Posted by: Blue Horizon Books | January 20, 2020

Book Reviews: Memoirs About Drinking

I’m working with a writer who is writing a memoir about the drinking life, so I decided to read some memoirs that were specifically about this topic. I had been wanting to read Pete Hamill’s A Drinking Life, simply because it’s by Pete Hamill, after all. He’s a damn good writer, and I was very aware of his reputation as a reporter in the days when others like Jimmy Breslin and Norman Mailer were also writing for NYC’s daily newspapers and tabloids, like the Post and the Daily News, and essays from other “New Journalism” writers like Tom Wolfe, Gloria Steinem, Truman Capote and others made the news.

In fact, I had read a review of Hamill’s book in the New York Times and it whet my Pete Hamill_A Drinking Lifeappetite to read more. The book was, indeed, a very good read, with a vivid portrayal of what life was like growing up in Brooklyn, in Prospect Park West/South, in the 1950s and 1960s, in a struggling Irish Catholic family, when the Neighborhood was your World, the local pub and the Dodgers and Coney Island and the turmoil and ecstasies of pubescence were so important, and New York City—just a subway ride away—beckoned those with aspirations for the experiences of a larger world, especially in the areas of art and literature and journalism. Intertwined with that narrative is the story of how alcohol became such an integral part of Pete Hamill’s world.

As the reviewer (Christopher Lehmann-Haupt) notes, Hamill wrote in his memoir that, “Drinking was part of being a man. Drinking was an integral part of sexuality, easing entrance to its dark and mysterious treasure chambers. Drinking was the sacramental binder of friendships. Drinking was the reward for work, the fuel of celebration, the consolation for death or defeat. Drinking gave me strength, confidence, ease, laughter; it made me believe that dreams really could come true.” Eventually, after he started writing for The Post, Hamill said he approached “the third stage of the process” which he said was described in the Japanese saying, “First the man takes the drink, then the drink takes the drink, then the drink takes the man.”

Caroline Knapp’s Drinking: A Love Story is a very different story. For one thing, she came from a small, fairly well-off Boston family, father a psychoanalyst and mother a painter, Caroline Knapp_Drinking, A Love Storyboth parents from families with even greater fortunes and histories. Unlike the boisterous world of Brooklyn that Hamill describes, Knapp’s family sounds sedate and undemonstrative, very WASP-y, and she seems to spend as much time searching to understand her father in this book as she does sharing her own gradual decline into full-blown alcoholism, and then recovery. When she does relate alcohol-infused stories, she invariably shares stories also from other people’s lives, people she met through AA, as if to show how common these behaviors and experiences are among alcoholics, especially alcoholic women.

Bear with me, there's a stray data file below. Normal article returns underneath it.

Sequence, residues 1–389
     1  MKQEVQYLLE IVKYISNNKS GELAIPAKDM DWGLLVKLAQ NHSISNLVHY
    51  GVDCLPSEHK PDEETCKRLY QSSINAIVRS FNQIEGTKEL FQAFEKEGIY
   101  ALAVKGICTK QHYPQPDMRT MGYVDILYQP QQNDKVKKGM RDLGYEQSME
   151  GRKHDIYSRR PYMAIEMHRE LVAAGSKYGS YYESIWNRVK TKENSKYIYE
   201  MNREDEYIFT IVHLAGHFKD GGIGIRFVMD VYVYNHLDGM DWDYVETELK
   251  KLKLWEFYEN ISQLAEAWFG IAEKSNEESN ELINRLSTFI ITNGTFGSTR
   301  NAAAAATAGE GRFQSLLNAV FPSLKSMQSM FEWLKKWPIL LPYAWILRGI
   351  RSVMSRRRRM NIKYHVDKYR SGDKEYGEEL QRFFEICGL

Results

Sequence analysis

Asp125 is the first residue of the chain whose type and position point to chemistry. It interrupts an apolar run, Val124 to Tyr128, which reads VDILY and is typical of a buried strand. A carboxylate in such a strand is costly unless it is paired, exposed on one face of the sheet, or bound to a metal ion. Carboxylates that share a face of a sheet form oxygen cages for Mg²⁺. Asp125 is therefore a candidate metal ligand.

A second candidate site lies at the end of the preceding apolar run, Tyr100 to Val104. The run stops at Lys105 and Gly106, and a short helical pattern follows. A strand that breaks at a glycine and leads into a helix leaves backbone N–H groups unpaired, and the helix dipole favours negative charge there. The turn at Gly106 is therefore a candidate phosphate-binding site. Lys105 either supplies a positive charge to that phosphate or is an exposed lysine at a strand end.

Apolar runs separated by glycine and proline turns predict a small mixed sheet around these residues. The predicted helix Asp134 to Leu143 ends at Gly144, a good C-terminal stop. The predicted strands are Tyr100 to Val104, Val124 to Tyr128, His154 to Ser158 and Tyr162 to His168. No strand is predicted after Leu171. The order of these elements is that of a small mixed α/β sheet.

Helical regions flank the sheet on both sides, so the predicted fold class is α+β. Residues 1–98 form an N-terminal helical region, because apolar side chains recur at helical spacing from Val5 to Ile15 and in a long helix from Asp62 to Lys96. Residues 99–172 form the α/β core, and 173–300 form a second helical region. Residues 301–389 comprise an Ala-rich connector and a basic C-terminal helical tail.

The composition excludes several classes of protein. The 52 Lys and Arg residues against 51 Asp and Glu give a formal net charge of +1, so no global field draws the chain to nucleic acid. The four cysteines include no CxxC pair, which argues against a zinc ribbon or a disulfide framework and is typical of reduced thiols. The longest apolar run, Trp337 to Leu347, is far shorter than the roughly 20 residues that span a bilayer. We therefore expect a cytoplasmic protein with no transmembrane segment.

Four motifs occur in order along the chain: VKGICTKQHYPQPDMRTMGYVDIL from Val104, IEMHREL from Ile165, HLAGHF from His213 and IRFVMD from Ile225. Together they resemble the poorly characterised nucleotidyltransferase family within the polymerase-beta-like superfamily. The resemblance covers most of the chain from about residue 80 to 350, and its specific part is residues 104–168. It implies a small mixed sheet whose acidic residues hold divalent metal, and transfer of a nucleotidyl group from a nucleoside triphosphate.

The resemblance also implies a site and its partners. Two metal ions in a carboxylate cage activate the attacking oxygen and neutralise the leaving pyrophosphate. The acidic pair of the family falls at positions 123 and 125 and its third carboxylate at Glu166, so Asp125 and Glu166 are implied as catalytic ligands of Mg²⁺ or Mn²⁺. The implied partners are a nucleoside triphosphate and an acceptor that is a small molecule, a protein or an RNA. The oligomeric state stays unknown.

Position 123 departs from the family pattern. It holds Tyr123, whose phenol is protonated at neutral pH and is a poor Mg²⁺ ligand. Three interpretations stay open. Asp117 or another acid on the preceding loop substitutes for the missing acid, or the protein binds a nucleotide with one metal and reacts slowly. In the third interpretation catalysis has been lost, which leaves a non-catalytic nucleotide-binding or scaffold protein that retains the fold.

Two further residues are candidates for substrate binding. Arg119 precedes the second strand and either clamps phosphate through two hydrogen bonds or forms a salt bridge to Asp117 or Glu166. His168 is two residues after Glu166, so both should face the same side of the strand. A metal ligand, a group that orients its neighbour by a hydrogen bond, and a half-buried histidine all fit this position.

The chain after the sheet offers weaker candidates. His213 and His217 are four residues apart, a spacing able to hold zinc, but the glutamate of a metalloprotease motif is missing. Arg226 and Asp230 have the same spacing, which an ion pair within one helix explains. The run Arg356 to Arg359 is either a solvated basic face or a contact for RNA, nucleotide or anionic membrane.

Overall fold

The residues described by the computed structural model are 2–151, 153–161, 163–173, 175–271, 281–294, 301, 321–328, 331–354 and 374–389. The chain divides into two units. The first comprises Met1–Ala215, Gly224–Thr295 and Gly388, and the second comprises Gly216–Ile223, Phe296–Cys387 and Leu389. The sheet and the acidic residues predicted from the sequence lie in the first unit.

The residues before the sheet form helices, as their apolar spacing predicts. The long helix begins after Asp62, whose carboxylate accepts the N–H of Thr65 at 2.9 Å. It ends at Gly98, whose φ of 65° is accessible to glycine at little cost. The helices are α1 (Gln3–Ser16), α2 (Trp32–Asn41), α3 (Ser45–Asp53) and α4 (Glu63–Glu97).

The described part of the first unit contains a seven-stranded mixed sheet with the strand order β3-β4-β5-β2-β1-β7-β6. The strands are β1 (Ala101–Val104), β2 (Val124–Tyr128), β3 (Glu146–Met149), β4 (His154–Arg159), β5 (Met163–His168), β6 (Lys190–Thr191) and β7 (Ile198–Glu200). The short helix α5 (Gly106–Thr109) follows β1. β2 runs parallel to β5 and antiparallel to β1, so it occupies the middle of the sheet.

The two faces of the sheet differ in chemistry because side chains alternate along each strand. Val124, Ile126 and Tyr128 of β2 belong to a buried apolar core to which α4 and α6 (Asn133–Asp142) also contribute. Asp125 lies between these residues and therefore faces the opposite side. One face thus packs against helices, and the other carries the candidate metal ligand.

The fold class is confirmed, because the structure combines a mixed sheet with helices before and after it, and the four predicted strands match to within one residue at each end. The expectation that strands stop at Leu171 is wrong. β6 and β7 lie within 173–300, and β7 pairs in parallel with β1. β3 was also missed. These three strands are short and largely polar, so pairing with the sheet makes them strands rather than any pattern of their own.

Knapp’s first story in the book is about the incident that turned her around, her “hit bottom” point, which made her admit that she needed help. While drunk, and playing with her friend’s small children, she had an accident and nearly injured the children, and badly injured herself, her knee. This incident also happened after her parents died, within about 18 months of each other, and she realized her father was an alcoholic—one who had been having an affair with another woman, on and off again, his whole married life.

Knapp gives credit to a stint in rehab, followed by intensive participation in AA, for helping her to get sober and remain sober, and her book includes an appendix with information for where to get help. Hamill, on the other hand, says he made a decision to go cold turkey (New York’s Eve, 1972) when he began to feel he was just playing a role in his own life, rather than actually participating in it.

Hamill’s book is definitely the better read, especially if you want to get a deep sense of Brooklyn and NYC life in the 1950s and 1960s, especially for an Irish Catholic male. However, Knapp’s book speaks directly to women in ways that Hamill’s can’t. They both write about using alcohol to mask an innate shyness, to lubricate the social muscles, but Knapp also faces challenges that are unique to females—deflecting unwanted attention from males, the always looming prospect of getting pregnant, a rather weird father-daughter relationship.

However, these two books are solidly in the same genre. Both describe, probe and analyze how alcohol came into their lives and how it gradually became the most important part of their lives. They describe the effect that alcohol had on their social and personal relationships, and how it gradually became a destructive force. And they describe what made them stop drinking, and then end their book with a short description of how their recovery has gone since then. It is a now-familiar arc, but these two stories are from different times, different places, different perspectives, different families, different cultures. They are completely different voices.

This gives me something to take back to the writer I’m working with. Yes, it’s an old story, the memoir about drinking, but each is a unique story, representing a particular person’s time and place and culture and influences and outcomes and experiences.

Perhaps the most shocking thing to discover was that poor Carline Knapp died of lung cancer only six or seven years after she published her book. She was only 43 years old. Hamill, twice that age, is still going—if not going “strong,” then still plugging along despite several health problems over the last decade. According to a November 2019 report, he had just recently moved back to Brooklyn, and is working on another book. When it’s published, I plan to read it!

 

 

 


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